The basic action is very, very Far Cry – sneaking into bases to try and stealthily take out guards, disabling alarms, and then inevitably messing it up and shooting everything until the shouting stops. The jungle and predominant red accents of the Yaran soldiers colour schemes gives everything a bit of a Far Cry 3 vibe, and overall everything definitely harks back to the third and forth games. Yara isn't quite as wilderness heavy as Far Cry 3's Rook Island or Far Cry 4's Kyrat, but not quite as modern as Far Cry 5's Hope County – its mix of jungles and mountains, cities, and organised military presence pitches it somewhere between the two ends of the spectrum. In fact, this instalment feels like it's cherry picked from the series history. The bases and soldiers have a Far Cry 3 and 4 feel to them, while the way checkpoints dominate Yara's system of roads harkens back to Far Cry 2 – there's even city areas where you're able to holster your gun, much like Far Cry 2's ceasefire town of Pala.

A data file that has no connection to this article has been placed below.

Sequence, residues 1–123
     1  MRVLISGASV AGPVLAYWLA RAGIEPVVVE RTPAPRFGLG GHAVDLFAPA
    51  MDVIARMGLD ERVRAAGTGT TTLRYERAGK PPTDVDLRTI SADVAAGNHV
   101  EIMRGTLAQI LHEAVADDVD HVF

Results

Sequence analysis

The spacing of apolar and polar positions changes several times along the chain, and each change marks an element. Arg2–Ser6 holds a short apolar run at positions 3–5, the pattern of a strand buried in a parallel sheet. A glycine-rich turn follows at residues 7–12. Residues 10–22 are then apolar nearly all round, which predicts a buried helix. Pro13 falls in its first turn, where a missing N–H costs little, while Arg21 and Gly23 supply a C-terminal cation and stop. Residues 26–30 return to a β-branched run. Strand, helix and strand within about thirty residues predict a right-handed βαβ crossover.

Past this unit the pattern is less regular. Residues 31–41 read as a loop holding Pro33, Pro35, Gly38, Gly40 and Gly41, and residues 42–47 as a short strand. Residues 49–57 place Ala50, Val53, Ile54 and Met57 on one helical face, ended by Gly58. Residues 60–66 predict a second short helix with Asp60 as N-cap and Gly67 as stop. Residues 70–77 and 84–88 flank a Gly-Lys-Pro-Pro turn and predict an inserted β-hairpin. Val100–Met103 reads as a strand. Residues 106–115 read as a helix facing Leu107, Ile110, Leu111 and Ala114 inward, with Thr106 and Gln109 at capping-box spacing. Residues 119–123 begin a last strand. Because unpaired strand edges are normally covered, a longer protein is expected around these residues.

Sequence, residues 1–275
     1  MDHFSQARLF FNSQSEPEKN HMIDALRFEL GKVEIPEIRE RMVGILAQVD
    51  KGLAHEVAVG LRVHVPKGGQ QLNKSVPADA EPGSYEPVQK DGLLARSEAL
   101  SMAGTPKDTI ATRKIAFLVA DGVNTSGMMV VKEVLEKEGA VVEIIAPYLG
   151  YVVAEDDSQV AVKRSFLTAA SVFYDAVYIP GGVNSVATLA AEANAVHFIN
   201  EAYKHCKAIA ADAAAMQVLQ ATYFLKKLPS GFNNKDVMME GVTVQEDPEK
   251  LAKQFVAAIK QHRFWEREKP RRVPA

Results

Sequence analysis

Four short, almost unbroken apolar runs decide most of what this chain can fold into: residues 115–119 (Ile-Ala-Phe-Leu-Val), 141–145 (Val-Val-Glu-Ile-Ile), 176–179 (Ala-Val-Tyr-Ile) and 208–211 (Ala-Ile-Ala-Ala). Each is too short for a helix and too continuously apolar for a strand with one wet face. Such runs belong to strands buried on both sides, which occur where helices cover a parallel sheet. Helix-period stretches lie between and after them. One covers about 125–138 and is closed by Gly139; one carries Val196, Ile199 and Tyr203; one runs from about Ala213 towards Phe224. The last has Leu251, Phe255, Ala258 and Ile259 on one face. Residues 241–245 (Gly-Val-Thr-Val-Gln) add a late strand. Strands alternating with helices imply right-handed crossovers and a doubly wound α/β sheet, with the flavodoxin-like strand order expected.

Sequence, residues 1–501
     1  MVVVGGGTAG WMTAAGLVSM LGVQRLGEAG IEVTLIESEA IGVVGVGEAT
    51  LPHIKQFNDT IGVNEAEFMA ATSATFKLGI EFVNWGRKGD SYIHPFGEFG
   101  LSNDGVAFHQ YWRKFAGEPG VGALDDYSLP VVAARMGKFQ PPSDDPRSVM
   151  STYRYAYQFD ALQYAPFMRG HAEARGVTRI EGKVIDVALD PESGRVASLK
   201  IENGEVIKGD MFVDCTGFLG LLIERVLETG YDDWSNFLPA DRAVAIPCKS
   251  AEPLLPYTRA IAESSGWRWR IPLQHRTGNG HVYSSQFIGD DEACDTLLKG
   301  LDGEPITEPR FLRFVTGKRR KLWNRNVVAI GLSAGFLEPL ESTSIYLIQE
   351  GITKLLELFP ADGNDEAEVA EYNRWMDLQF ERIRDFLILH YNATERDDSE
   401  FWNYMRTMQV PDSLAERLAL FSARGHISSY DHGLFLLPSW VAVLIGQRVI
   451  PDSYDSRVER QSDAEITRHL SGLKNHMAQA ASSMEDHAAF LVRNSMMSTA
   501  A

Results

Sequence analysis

Speaking of ceasefires, I didn't get too much time to play around with the holster mechanic but it's perhaps one of the most interesting new features in the game. At any point you can simply put your gun away and, assuming you're not standing on a pile of bodies, you largely become a normal, ordinary person. There are numerous cities on the map and the people and soldiers will have opinions if you start walking around with all your guns hanging out. It's an interesting idea that I really hope to see explored fully in the final game. The idea of having large areas where you can basically go undercover is oddly exciting in a series largely about burning the map to ground region by region. I only saw one encounter with repercussions to having your guns on show – meeting a jumpy double agent soldier who doesn't react well to armed approaches.